How do you love someone who sits, smiling, at the edge of oblivion? Award-winning Canadian writer Barbara Gowdy unravels a romance, and the idea of romance, in this spry, witty, agile novel full of all the species of love. Louise Kirk falls in love. She's 10, lives in a cosy, unremarkable suburban home, but, remarkably, has lost a mother already. Or, rather, her chic, sharp mother has disappeared. So, Louise, lonely and steeped in complicated yearnings, decides to fall in love. Furiously. First, she falls in love with her magnificent new neighbour, the operatic and exotic Mrs Richter. Then, within the year, she falls for Mrs Richter's brilliant son Abel. Distracting him from his attentive study of everything around him - the constellations, the moths, the music - proves quite a struggle. But before long Abel finds he loves Louise 'too much'. A dozen years later, Abel is gone and Louise is devastated. This is the unravelling story of their romance...In The Romantic, Barbara Gowdy tracks and identifies all the species of love. Each of her characters is iridescent, but Louise Kirk, who flies to love again and again like a moth at a lamp, is a creature from whom no reader will easily tear their gaze.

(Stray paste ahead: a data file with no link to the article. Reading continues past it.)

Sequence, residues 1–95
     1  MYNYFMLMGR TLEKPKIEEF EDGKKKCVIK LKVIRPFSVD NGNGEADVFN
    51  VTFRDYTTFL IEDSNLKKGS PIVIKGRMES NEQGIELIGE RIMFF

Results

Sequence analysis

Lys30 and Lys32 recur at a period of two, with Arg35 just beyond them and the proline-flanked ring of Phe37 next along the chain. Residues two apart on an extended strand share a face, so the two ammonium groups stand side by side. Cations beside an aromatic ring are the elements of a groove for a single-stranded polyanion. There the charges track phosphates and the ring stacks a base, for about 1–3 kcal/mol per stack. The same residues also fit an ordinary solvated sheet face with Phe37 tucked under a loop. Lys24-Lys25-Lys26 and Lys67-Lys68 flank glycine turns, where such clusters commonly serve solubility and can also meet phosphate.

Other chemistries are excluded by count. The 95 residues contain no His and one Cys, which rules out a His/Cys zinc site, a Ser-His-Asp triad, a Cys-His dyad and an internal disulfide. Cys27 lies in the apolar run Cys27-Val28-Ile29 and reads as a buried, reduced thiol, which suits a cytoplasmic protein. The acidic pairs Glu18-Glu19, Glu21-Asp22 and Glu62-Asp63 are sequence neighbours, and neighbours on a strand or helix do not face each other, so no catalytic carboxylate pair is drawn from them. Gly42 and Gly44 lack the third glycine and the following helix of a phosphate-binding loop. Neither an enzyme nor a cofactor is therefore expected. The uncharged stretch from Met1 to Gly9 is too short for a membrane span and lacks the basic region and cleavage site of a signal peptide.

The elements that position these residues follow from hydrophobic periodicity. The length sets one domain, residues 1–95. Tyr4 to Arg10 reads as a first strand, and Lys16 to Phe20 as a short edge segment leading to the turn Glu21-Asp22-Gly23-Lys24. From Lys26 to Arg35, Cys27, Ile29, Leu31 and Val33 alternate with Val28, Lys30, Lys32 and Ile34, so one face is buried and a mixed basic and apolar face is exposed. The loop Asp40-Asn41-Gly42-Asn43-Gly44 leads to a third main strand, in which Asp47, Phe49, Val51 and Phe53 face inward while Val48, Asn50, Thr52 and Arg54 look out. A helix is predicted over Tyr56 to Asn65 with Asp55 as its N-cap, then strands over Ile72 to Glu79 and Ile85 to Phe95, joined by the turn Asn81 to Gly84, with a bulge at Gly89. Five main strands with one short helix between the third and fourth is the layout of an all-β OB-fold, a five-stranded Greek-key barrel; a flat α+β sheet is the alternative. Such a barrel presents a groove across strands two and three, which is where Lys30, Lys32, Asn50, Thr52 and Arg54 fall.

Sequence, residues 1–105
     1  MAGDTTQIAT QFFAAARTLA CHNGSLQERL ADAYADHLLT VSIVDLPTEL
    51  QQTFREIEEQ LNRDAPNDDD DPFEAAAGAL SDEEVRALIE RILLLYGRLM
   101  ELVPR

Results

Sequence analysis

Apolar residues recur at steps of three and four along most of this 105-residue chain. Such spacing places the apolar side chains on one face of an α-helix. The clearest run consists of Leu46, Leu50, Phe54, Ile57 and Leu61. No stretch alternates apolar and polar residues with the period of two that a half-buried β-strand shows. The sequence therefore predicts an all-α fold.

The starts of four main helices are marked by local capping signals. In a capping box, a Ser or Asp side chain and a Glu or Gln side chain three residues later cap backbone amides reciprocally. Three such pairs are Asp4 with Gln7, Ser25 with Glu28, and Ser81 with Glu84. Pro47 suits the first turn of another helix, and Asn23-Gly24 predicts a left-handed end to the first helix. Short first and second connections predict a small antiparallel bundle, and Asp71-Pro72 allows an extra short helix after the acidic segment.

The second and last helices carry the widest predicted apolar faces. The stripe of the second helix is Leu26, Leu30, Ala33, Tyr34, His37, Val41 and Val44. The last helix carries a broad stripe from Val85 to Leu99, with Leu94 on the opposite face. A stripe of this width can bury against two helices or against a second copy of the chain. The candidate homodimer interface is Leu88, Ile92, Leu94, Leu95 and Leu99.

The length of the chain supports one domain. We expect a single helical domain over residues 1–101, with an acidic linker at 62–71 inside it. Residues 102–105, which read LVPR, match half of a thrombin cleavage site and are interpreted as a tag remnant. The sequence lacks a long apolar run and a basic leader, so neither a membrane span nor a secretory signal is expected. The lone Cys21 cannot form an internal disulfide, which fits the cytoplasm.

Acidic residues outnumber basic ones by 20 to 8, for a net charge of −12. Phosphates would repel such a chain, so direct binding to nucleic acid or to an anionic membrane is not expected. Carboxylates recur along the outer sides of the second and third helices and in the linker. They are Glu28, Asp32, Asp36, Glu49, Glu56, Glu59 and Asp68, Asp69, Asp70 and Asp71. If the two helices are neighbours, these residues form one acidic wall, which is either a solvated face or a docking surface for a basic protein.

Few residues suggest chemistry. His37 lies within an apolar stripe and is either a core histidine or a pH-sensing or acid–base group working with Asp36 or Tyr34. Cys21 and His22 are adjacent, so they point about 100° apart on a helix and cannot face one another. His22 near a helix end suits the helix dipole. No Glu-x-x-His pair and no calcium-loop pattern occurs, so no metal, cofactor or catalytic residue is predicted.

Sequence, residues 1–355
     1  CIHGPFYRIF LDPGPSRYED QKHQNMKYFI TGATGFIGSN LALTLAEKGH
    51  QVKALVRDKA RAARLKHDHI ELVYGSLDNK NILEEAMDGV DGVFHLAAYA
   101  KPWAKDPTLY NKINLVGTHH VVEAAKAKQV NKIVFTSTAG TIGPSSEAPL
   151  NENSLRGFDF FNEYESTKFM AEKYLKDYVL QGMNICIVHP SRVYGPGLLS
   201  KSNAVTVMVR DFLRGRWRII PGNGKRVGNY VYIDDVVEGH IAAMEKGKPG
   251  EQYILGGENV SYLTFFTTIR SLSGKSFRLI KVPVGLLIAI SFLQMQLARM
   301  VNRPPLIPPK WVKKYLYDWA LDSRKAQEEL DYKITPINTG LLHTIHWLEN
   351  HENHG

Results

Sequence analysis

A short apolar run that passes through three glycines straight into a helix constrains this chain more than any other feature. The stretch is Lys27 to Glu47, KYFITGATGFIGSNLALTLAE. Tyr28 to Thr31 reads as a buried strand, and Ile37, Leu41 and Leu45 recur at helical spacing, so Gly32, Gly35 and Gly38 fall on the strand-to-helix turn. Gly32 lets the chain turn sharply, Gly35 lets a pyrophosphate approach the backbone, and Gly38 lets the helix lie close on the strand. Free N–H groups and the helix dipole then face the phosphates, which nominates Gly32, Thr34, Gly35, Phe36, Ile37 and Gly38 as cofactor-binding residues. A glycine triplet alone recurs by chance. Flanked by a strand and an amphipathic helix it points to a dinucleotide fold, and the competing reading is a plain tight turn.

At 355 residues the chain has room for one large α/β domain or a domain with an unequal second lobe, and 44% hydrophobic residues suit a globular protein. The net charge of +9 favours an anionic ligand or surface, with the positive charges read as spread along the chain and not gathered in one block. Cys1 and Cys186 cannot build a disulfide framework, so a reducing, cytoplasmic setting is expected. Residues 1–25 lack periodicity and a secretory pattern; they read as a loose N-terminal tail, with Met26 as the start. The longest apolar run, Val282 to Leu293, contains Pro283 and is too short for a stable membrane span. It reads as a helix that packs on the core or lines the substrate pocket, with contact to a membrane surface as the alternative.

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BARBARA GOWDY lives in Toronto. She is the author of, among other books, Mister Sandman and The White Bone.Excerpt. © Reprinted by permission. All rights reserved.:
From The Romantic:
I fall in love with Mrs. Richter immediately, Abel the following summer. I know how unlikely it sounds, a ten-year-old girl falling in love at all, let alone with a middle-age woman. But to say I become infatuated doesn’t describe the gravity and voluptuousness of my feelings. I trail after her to the grocery store and touch the grapefruits she has fondled. I gaze at her flannel nightgown billowing on the clothesline and am uplifted, as if by music. Under the pretext of welcoming her to the subdivision or asking if she gives piano lessons, asking if she heard about the white-elephant sale at church—any excuse—I write letters advertising my availability and qualifications as a daughter. “Lend a Helping Hand!” I write on the back of the envelopes, as if this were my motto. Down the margins I draw pictures of a girl doing the dishes, scrubbing the floor, dusting.
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